Set your family up for success with our tips for multi-generational family travel.
By: Lynn Elmhirst, Producer and Host, BestTrip.tv
In some families, it's grandparents spearheading the big family trip. Perhaps even paying part or all the travel expenses. Maybe every family pays their own way. No matter what the scenario, two things are important: establish the deal up front, and make sure no one feels railroaded into spending more money than their family can afford on a vacation. Holidays are only fun if you aren't dreading the credit card bill on the other side. If someone is covering some of the costs, make it very clear what is being covered, and what is everyone's responsibility. This is not the time for discretion and innuendo. Make it clear.
And if everyone is pitching in, make sure every family gets the chance to influence and change the type of vacation so they can afford it, too. Surely it's more important that everyone can be together at a beach destination within driving distance than a more exotic vacation that involves expensive flights? Can wealthier members of the family fly to get closer to where less affluent families can drive? Three words: consult, consult, consult. Be honest. And respectful.
That seems counterintuitive, but there are well-intentioned people in every group who feel the need to program every waking minute of every day. Resist those people. Especially resist the notion that everyone has to be together every waking hour of every day.
If there's an activity or event that is a big part of your trip, sure, plan that. And every family should do some research about what things to see and do and try in the destination are appealing to them, and share those ideas and information with other family members.
The magic of multi-generational travel is it gives different members of families the opportunity to spend special time together, to get to know each other, in a new way. If this sister, that sister-in-law, her son and your niece and grandma all want to go to that museum, or fishing, let them go together. They can bond over a shared interest or learning something new. Others can pair or group off relaxing in that time, or catch up, or do another activity they'll bond over.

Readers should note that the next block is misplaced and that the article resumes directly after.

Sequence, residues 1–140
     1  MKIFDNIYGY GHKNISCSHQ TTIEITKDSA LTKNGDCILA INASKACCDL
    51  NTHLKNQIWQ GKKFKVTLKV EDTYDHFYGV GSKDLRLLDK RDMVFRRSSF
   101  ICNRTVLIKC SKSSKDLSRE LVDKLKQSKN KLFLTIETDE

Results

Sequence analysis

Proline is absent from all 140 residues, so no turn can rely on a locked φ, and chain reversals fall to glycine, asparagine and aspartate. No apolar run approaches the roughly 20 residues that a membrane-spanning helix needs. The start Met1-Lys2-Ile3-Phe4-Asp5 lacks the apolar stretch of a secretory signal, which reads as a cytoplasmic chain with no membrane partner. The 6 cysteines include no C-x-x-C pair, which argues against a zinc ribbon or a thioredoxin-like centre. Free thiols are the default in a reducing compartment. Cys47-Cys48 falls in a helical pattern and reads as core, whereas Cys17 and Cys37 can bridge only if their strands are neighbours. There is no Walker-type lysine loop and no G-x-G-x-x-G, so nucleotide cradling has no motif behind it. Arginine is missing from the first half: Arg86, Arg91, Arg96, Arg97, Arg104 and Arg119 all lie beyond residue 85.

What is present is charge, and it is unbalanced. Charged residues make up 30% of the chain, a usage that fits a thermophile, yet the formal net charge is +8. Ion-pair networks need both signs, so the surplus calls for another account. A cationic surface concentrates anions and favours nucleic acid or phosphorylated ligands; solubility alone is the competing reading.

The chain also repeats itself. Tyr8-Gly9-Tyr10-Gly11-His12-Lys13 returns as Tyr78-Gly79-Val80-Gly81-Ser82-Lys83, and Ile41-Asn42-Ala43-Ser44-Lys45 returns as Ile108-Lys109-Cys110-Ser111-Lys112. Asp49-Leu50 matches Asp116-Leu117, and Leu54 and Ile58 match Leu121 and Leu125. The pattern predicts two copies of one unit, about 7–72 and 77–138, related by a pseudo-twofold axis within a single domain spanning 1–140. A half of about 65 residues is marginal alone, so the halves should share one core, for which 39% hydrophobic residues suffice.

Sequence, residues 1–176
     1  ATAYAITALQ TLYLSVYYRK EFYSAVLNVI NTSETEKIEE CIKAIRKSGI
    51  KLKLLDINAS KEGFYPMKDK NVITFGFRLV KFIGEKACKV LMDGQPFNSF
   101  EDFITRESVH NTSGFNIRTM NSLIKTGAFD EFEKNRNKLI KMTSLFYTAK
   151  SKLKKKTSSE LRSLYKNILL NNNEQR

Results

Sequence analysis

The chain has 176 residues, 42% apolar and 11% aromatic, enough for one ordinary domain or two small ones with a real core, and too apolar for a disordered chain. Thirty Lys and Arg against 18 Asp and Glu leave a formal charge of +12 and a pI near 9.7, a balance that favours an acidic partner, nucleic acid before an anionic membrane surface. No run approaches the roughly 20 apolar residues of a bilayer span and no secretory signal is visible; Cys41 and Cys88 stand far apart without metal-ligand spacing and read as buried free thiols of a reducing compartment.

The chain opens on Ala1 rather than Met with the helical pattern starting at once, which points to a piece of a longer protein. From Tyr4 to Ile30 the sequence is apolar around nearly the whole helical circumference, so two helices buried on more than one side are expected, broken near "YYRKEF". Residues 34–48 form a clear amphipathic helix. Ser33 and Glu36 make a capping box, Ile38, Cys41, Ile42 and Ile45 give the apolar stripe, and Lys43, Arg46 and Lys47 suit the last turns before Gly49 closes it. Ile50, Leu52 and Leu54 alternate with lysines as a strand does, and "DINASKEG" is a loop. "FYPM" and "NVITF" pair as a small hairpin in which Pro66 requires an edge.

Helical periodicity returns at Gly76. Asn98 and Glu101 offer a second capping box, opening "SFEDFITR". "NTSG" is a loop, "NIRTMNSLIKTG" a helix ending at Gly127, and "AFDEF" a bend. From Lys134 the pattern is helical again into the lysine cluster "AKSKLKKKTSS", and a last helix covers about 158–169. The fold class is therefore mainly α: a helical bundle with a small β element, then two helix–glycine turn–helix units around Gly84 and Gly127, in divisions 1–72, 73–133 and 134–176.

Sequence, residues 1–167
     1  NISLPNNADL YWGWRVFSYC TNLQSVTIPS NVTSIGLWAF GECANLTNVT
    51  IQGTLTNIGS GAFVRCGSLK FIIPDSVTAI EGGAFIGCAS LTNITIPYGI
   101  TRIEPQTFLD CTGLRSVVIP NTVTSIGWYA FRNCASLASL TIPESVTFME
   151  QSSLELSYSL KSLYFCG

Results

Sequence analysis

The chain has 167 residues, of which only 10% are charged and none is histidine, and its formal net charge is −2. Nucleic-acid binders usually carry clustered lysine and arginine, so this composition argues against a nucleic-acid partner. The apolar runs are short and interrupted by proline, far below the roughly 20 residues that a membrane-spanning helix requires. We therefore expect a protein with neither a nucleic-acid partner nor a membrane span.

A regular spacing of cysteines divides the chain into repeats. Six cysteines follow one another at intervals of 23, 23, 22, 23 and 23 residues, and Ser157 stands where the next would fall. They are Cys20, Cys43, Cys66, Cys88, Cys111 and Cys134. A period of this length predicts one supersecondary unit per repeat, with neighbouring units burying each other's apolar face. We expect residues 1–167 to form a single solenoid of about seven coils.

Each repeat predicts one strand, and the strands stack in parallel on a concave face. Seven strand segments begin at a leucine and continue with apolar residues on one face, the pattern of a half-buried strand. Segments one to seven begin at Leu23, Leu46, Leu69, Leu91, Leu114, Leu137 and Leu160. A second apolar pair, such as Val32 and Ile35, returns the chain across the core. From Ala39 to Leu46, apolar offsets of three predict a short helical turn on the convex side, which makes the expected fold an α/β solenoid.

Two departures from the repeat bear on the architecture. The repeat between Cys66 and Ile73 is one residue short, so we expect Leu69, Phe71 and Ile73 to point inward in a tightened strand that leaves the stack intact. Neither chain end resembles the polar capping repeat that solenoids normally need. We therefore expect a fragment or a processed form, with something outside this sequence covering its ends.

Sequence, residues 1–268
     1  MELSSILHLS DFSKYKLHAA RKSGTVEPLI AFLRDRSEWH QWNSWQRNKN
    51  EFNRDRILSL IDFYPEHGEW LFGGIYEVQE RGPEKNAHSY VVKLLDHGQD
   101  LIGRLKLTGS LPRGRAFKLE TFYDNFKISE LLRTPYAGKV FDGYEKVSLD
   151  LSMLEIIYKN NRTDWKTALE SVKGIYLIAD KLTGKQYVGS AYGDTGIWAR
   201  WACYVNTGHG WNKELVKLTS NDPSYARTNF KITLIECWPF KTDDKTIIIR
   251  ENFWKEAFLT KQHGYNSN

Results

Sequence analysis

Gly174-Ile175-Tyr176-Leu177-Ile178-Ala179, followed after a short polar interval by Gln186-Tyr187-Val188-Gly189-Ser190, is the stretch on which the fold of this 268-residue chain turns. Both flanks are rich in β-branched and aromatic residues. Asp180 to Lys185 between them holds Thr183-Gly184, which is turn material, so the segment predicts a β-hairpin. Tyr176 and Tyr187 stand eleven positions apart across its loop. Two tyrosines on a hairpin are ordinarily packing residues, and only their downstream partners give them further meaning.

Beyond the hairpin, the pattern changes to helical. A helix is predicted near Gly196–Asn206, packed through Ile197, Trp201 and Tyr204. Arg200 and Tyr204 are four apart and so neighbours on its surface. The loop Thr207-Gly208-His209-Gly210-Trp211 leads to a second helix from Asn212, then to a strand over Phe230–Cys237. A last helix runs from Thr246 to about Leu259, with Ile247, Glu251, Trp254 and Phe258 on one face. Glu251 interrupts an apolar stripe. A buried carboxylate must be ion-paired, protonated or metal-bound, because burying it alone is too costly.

That can apply to meals, too. Plan a couple of big, all-together meals (especially if the trip celebrates a milestone: anniversary, birthday etc), but leave room for smaller group meals, too. Maybe grandparents want to take the grandkids out for a special meal just for them. Maybe all the grown up brothers want to hang out and play pool over pub food like they did when they were all single. Leave space for those really special dynamics to play out. You'll love the results.
Flights, accommodations, you expect to book and probably pay in advance. But if there are events or attractions you know part or all of the group is going to want to enjoy, booking those in advance can achieve two goals: one, you know you'll be able to do it, and you have a confirmed time to do so, and two, you've paid in advance.
If all the ladies want to have afternoon tea at that special venue, get together, and book and pay for it in advance. You'll have a confirmed reservation and seating so there's less last minute fuss, and if it's already paid for, it will be more likely they actually get to do enjoy it, rather than get pulled into someone else's agendas and miss it.
Activity pre-payment is also a great way to manage travel budgets. It becomes part of your planning process so there are fewer surprises later, and you don't end up susceptible to fee hikes, or changing exchange rates.
Don't assume grandparents want to spend their ENTIRE vacation babysitting grandkids. Don't assume that your sister-in-law, who often organizes family gatherings, is willing and happy to spend the whole family trip holding a clipboard and herding the whole family. These unspoken assumptions often end up in frustration, resentment, and even behind-the-back complaining. NOT the atmosphere you are aiming for.
Break up the responsibilities and make offers. Offer to take your nieces and nephews one night so their parents can have an evening to themselves. Ask if grandparents want – and can handle - 'alone time' with the grandkids. Give siblings opportunities to reconnect.
And don't forget to relax! If you make a concerted effort to take the high road, assume the best of every family member, and communicate that mindset with your immediate family, a fun, relaxed, and memorable – in a good way! – multi-generational family vacation is in your reach.